He is a very prophetic man. But one of the most common things you will hear come out of his mouth is, “Time Does Not Exist”. Anyone who knows him well has heard him say this. It is something I agree with. Perhaps not 100%, but I believe there is a lot of truth in it. Last spring I spent some time working in Pine Ridge, South Dakota on the Oglala Lakota Native American reservation. While we did a lot of good labor work to help them during our time there, we also spent a good portion of our timing learning about their culture. Something that was stressed to us upon our arrival was to leave our watches and our phones in our rooms, basically any device that could tell time. The Natives of the land strongly believed that there was no need to follow the strict rules of time. Time is constraining. The length of a conversation does not make it a good conversation. Spending long hours doing hard work doesn’t mean it is good work. It is purely the quality of things that make them good.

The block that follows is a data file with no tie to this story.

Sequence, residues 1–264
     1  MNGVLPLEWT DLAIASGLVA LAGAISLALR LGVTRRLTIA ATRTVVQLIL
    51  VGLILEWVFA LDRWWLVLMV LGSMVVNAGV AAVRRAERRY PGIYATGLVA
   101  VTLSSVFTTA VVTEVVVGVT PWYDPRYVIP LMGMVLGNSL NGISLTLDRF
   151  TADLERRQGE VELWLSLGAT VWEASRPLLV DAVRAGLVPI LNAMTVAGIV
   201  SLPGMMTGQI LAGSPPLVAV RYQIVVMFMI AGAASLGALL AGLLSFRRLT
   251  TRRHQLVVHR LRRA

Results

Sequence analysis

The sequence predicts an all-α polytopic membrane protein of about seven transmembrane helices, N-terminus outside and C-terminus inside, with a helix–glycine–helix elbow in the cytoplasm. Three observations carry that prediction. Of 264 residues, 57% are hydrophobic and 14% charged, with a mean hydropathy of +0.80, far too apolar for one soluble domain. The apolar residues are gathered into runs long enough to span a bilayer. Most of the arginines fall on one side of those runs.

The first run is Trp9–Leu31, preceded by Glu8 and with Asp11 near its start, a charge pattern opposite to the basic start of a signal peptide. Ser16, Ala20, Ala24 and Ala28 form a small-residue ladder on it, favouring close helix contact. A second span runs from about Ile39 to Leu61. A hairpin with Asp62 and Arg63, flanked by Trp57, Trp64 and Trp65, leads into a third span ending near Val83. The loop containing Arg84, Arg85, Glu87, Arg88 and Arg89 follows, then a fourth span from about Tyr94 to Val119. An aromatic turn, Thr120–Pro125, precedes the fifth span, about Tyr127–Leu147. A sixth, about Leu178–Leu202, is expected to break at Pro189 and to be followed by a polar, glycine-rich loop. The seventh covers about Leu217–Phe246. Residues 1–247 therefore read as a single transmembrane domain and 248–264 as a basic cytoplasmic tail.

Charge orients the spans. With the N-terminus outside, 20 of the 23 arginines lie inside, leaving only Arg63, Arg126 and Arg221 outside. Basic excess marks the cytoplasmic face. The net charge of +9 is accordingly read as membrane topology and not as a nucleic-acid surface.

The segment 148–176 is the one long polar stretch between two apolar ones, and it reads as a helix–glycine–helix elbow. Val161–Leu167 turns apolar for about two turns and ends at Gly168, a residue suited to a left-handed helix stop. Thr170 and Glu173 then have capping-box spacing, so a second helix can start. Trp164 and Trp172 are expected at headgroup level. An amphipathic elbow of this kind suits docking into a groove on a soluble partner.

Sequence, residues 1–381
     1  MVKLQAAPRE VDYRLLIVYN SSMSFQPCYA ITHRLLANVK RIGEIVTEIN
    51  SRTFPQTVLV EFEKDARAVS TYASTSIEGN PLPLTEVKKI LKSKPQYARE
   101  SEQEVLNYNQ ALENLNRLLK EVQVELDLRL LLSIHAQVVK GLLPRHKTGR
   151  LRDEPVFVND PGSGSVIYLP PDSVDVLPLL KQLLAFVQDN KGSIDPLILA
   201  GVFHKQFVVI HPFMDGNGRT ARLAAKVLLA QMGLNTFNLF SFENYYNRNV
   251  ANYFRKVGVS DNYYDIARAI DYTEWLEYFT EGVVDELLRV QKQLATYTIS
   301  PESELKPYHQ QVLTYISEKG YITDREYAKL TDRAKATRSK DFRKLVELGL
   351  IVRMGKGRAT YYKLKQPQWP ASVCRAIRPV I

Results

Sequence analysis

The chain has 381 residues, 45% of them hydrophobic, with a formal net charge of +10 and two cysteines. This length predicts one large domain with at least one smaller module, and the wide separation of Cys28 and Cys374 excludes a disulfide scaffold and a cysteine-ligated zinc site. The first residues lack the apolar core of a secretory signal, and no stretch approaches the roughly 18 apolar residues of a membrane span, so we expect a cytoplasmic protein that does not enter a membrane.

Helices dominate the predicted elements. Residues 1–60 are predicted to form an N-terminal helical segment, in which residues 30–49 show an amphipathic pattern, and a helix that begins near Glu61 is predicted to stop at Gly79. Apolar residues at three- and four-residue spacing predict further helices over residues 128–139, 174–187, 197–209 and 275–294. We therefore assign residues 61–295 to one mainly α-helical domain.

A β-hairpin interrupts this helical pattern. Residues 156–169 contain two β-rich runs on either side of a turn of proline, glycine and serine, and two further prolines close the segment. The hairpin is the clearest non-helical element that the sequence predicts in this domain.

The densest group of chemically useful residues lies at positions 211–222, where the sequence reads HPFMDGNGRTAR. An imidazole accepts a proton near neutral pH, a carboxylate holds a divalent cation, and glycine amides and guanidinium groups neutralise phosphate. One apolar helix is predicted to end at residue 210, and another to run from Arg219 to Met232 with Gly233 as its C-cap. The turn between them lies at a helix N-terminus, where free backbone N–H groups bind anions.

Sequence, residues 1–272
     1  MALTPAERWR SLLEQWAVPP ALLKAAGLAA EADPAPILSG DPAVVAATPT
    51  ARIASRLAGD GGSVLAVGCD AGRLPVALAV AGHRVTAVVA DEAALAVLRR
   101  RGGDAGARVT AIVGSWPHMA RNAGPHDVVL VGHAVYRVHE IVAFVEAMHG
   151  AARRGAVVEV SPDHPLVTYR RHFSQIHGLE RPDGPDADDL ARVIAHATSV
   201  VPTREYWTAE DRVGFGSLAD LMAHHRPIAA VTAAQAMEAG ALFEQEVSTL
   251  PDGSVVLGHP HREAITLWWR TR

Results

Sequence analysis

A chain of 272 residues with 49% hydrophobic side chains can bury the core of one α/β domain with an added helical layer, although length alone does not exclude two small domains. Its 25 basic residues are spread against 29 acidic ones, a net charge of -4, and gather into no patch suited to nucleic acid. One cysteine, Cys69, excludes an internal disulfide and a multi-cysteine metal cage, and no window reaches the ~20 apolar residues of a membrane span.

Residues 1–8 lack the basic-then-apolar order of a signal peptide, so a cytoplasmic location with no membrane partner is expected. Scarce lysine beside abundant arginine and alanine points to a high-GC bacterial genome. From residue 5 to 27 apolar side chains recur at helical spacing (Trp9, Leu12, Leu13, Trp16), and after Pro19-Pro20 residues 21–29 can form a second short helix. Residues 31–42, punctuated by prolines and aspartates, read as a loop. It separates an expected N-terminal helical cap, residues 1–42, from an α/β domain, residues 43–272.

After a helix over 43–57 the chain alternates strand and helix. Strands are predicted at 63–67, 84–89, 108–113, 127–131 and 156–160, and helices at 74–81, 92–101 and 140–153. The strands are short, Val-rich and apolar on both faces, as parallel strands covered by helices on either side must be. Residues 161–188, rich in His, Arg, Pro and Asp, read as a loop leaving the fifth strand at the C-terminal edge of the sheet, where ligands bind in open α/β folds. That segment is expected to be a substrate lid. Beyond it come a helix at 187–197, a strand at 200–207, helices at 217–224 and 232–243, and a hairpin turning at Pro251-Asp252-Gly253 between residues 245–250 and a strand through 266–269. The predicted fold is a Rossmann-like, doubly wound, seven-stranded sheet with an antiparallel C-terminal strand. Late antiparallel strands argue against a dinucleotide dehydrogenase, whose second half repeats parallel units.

I am a big believer in this concept that time is irrelevant. As a journalist, I have to adhere to deadlines. I am not speaking about time specific to one idea. This world is so wrapped up in time, always needing to know how long its been, how long they have to wait, or how long things will take. I like to believe that there is a beauty in timelessness. Especially after just graduating, time is simply the greatest commodity one can have. Why waste time counting it? Why not just be timeless?

2. I HATE social media.